Often the whole family is involved in picking coffee. The little ones play a little, pick a little coffee, and maybe have a nap. Parent feel safer when the family is together.
Coffee berries don't always ripen at the same time. When they do, they are easier to pick. Often coffee bushes are picked three times, two or three weeks apart, to get the ripe berries.
On the coffee plantations, tractors bring the pickers to the weighing station, beside the coffee processing plant.
Most coffee pickers on the plantation are women, youths and children. The men are working elsewhere.
This lady is carrying the sack of coffee to be weighed, and managing it with her baby on her back.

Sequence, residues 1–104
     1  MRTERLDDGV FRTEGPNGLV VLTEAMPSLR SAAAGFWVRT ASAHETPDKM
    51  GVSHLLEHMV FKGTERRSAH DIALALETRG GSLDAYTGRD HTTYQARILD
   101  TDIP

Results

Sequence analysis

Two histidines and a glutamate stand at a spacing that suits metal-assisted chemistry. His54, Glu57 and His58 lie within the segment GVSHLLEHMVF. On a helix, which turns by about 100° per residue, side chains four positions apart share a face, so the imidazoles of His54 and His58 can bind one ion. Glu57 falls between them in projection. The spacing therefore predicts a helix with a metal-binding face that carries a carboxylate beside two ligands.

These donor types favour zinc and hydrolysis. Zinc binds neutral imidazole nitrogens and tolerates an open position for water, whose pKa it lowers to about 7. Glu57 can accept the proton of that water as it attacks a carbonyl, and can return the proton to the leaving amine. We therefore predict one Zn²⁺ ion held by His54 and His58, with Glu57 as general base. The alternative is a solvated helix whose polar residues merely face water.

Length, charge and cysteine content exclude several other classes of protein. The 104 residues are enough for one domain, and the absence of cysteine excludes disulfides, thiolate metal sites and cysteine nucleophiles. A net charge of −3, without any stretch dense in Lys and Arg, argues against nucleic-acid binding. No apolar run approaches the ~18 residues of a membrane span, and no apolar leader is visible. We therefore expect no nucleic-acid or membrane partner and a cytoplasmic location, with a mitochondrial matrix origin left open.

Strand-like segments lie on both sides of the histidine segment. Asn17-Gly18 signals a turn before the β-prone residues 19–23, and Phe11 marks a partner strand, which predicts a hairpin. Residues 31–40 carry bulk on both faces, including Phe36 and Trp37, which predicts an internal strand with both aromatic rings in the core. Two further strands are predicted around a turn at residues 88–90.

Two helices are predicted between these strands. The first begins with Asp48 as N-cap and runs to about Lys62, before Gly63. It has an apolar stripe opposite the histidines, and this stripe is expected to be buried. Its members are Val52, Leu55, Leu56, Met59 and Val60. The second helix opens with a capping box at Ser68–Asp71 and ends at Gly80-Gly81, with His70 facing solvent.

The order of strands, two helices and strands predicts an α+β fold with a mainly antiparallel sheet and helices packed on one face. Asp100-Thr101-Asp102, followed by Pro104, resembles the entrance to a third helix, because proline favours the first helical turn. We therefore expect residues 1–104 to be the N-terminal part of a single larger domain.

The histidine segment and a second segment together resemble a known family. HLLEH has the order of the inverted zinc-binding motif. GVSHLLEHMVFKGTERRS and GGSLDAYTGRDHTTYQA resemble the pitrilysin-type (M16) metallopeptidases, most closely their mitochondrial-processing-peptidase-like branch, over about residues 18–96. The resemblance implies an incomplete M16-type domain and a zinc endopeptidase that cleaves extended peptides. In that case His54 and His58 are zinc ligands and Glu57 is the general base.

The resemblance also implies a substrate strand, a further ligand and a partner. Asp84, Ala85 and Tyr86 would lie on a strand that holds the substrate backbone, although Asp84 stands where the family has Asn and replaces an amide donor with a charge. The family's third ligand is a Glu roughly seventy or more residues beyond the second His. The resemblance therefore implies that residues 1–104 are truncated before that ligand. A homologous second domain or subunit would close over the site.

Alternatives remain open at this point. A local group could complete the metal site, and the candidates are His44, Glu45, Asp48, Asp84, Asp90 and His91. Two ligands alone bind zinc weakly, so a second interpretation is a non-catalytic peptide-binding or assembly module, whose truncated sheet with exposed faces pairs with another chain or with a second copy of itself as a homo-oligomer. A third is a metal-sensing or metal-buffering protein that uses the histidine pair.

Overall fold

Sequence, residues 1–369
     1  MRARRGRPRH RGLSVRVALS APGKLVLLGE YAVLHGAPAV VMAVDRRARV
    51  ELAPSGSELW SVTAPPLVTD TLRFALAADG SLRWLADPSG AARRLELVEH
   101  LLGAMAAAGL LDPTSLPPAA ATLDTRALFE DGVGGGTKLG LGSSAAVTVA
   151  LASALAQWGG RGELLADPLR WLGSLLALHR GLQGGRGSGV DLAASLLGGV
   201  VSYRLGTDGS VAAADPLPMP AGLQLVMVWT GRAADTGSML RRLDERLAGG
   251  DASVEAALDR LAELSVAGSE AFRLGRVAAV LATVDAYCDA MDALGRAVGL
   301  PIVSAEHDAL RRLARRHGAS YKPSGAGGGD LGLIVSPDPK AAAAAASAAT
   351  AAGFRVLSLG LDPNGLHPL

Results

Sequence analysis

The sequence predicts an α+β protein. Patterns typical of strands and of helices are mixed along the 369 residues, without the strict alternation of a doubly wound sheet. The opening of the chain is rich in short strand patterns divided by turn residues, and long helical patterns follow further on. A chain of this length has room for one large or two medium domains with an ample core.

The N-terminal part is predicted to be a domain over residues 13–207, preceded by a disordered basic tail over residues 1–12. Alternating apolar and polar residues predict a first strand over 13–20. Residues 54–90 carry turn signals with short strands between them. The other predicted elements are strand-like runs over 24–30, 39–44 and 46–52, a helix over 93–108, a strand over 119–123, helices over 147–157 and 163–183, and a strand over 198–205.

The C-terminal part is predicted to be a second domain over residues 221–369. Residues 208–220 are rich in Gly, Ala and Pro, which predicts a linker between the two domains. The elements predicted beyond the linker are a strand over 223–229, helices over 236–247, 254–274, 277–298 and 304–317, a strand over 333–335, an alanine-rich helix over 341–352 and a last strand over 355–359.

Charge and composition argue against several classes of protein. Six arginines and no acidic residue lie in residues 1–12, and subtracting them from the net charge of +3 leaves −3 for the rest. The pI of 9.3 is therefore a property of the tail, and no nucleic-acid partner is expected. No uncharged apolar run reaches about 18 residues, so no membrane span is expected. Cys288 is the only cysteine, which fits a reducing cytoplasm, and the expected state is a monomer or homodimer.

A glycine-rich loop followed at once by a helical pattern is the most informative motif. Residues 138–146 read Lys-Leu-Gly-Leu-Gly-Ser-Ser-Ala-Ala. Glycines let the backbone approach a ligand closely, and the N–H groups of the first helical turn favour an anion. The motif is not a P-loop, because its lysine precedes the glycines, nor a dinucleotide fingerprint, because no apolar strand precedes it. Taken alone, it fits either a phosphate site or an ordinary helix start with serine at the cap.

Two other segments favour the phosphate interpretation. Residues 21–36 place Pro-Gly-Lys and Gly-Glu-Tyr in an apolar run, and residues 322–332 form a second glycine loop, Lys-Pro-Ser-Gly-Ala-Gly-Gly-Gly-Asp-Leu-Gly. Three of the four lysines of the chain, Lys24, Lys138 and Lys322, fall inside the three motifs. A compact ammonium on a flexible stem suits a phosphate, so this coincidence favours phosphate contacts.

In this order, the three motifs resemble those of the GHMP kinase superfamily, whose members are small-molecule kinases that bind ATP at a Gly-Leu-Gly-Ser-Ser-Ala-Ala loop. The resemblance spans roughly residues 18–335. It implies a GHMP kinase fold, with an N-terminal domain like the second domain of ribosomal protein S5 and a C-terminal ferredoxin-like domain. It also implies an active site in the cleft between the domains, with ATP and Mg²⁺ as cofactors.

Most young teenagers earn money for their family by helping with the coffee harvest.
After the coffee is weighed, the sacks are emptied into a machine. The plantations pay pickers by the weight that they have picked.
The de-shelling and grading machine uses water and a fascinating system of belts, pulleys and cogs. Coffee is de-shelled, and the beans are automatically divided, ranging from from export quality to rubbish.
The deshelling machine sends the husks to this great mound. The husks are used later as fertilizer, or burnt to provide heat for a huge drier, used if there is not much sun.
People who have coffee can also sell it to roadside buyers. It's a cash on the spot transaction, which can be a problem as people can sell coffee which is not theirs.